been a tendency on the part of the legislative reference service to delve into inconsequential matter for the sole ¡eason that vital questions were also controversial, hence to be avoided, as a means of escaping crltÍcism and holding onto the pay roll. Unfortunately, if the legislative reference service is to perform a real function lt mwt of necessiüy deal with facts that relate to highly controversial questions. After alt, this is the very reason that a legislative reference service was created. It was created in the belief that a creaü deal of saving in time and enereiy might be efiected' if a legislator could go to some nonpartisan agency and secule reliable information, This is certainly the way that things h¿ve worked ouü in Wisconsin. Many legislators have come to the statehouse with notioru about facts that were wholly erroneous' Many of these men, holvever, rpere wholly honest and sincere, Matty of these men have taken thei¡ ploblems up with ihe director of the legislative'reference service or one of Ns assistants, who in maDy instances have. been able to dispel some of these e¡roneous ideas with consequent gain to the public and everyone concerned. I have had occasion to look at the report of the Librarian of Congress. Ttrere is listed in this report a record of the

thouch the gentleman is a Republican, I do not think therc is a Democrat in the House who v/ould not say that the Government has been fo¡tunate to have a man like Mr. McCarl in the þosition he has held for 15 years. [Applause.l 'We have appointed men on the Board of Tax Âppeals fot' 10 years, We have appointed men on various cotnmissions for B and 10 years. Beyond quesúion, this has proved to be very beneficial. Some of the men appointed have been Democra¡s and some have been l¿epub[cans, but it makes for better efüciency lrhen the right men are kept in large and important Government agencies. Mr. Chairman, the Government Printing Ofîce is e ereaü institution. As the gentleman from North Carolina says' over 5,000 people are employed there. Ttre former Public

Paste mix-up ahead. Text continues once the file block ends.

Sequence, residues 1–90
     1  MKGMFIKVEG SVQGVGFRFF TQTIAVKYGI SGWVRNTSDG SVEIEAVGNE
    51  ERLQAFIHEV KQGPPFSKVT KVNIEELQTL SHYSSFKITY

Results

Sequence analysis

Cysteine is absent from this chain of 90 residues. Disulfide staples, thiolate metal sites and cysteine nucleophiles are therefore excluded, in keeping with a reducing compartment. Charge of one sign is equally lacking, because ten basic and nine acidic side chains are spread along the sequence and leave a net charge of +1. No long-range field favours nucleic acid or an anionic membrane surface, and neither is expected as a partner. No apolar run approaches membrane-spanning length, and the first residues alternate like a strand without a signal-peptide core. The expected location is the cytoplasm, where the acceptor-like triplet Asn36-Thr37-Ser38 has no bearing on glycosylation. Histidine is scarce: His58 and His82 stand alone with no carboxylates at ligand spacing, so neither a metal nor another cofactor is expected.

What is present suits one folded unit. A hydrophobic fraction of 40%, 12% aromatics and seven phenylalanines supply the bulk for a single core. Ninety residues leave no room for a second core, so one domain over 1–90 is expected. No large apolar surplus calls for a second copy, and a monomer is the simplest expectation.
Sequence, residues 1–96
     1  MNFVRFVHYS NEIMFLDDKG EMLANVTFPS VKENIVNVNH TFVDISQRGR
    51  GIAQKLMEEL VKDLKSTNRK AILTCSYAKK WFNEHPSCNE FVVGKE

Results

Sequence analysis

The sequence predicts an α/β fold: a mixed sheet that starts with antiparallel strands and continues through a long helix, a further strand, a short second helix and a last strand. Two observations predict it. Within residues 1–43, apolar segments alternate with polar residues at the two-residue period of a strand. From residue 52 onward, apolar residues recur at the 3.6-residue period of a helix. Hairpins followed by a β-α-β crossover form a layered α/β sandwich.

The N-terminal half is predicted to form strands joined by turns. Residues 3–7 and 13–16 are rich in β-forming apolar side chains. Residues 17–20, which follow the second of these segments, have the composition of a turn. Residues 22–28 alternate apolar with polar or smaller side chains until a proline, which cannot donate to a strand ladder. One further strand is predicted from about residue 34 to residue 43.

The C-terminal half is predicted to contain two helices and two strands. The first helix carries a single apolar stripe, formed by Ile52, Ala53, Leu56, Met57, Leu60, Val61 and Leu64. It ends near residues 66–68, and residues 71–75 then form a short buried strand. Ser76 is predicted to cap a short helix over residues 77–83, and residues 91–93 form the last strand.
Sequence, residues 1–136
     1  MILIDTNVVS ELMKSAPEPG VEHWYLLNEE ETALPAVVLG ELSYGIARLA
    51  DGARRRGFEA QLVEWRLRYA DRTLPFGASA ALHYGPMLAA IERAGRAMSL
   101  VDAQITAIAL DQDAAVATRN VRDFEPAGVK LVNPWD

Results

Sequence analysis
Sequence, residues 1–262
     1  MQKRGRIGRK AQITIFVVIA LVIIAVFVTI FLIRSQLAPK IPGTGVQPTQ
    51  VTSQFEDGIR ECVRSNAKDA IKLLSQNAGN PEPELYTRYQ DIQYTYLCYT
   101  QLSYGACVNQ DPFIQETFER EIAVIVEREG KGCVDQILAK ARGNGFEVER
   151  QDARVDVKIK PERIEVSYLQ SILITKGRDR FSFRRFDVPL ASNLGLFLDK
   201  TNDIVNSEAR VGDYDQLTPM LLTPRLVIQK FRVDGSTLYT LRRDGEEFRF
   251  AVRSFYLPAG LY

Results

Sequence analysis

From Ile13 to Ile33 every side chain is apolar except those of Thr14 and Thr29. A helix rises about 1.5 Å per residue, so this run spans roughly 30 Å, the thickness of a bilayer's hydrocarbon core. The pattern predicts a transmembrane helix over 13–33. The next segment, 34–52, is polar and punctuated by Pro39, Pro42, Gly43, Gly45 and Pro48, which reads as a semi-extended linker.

Printer.held ofûce,

I think, for over I years. \ryith all due respect to that gentleman, practically all his experience he secured right here in the Capitol as clerk of the Joint Committee on Þrinting. The present Public Printer, ,A'ugustus E'
Giegengack, has been

I nðveimet the man in my lije until a few nights ago \ilhen I ran into trim at a social affair. I have, however, as chairman of the Committee on Expenditures, had some business with his ofûce and I have read the hearings relative to his accomplishments. I did noü even know whaü State he came from until I looked it up. What I have learned is that he is

in the prjntine



30 years'

a man with experience-business and executive experiencean¿ as a resulü it has already been demonstrated that the President made no mistake in selecting him for this very

important ofûce. i lea"n that at the age of 25,7 years afüer Ïre entered the printing business, he was iri charge of the prinüing division ôr a n¡ãe mail-order house. During the war he was in France rn¿ nJ handled the production of the Stars and Stripes' which had a circulation of over 500'000 copies' TVo hundred enlisted men were in this establishment' Since 1920 he wa"s

subjects ùo which the employees of tTre legislative reference organÍzaüions' service have devoted themselves during the past year' In my responsible positions with other ri tnis man continues to make the record he has since he llsted have had nottring to do opinion, most of the subjects .r*u*u¿ office less tinan 2 years ago, it seems to me that it with vital, controversial questions. his position' TLe reason for this, in my opÍnion' is due to the fact that *ã"fA ¡u.well for the Congress to keep him in about' information of ttris kind cannot be secu'red flom the legis- u". f,^rto"t" has told you the savings he has broughb at the ;;á tñ;; il no doubt that you have a happv familv the lative rcference service. I am noü utging that the appropriation for the legislative i;overnment Printine Office. We all lcrow the trouble am emplovees' I ¡eference service ought to be stncken out of the bill. Never- foi^"iprrnfic Printer had with some of tris some reason he theless r do wish to state that we are not getting value for noi criticizing Mr. Ca¡ter's sen¡lce, but for employees' He the g92,990 that we are spending for this service. In my j*t di¿ not geü along smoothly with the

Govin business for himself, so you see that he came to thepresiernment with years of experience, including 2 years as ã";t ;i the rnternational Printing Hou'se Craftsmen, and